Environmentalist are out in the open as Dehradun its bid to become a smart city. The opposition is coming mainly because it will require acquisition of tea estates, where the project could come up.
The state government’s decision to acquire the tea estate land for the smart city project has been strongly opposed by the Left parties as well as social activists who say it will not only affect environmental balance but also dry up water resources in the city. The activists are also demanding the tea garden workers be given the land for building homes.
The government plans to acquire around 2000 acres of tea estate land for building Smart City on the outskirts of Dehradun.
The ambitious smart cities list of 98 cities, including 24 state capitals, was unveiled by the union government in June this year with an aim to achieve “inclusive growth”.
According to Samar Bhandari, the national council member of the CPI, the tea garden workers should be given the land as most of them are landless.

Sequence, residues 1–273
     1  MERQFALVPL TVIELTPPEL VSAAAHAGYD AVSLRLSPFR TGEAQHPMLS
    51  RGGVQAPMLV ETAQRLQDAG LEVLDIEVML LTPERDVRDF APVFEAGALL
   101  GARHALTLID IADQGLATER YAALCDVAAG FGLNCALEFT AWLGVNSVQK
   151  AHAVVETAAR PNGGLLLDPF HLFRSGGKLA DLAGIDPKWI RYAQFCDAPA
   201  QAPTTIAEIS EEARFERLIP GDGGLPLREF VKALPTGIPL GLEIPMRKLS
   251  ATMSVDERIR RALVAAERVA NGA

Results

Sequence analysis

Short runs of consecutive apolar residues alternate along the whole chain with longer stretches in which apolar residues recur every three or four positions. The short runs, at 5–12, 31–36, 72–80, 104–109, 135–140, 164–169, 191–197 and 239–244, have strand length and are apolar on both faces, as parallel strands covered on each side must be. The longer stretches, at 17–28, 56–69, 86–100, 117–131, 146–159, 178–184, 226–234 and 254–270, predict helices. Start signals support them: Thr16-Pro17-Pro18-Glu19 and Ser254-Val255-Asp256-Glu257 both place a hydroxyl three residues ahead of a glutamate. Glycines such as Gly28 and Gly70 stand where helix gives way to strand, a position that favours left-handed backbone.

Social activists here say the city very much needs the green patch which has an important role in recharging of ground water. They said the government had already curbed prospects of groundwater recharge by making canal waters flow through cement pipes.
Anil Joshi, the founder of Himalayan Environment Studies and Conservation Organisation (HESCO) said: “The Smart City project would only bring up another concrete jungle and affect the environmental balance.”
“The future of ground water resources in the city is a big concern and the Smart City project would further complicate the situation,” he said.
The scientists have already forecast a grim scenario of areas like Sahastradhara which has a very small reserve of groundwater.
Even during heavy rains, most of the water does not seep into the earth. The tea garden is a green area, not covered by manmade structures and therefore a vital place for water recharge. During rains, the water seeps down and enhances the water table. It is important the water table is recharged constantly otherwise it would dry up, he said.
According to a study of the Central Ground Water Board, the ground water is available in Dehradun at the depth of 20 metres to 150 metres.
The Central Ground Water Board has also laid thrust on artificial ground water recharge schemes. J.J. Hardy Jersey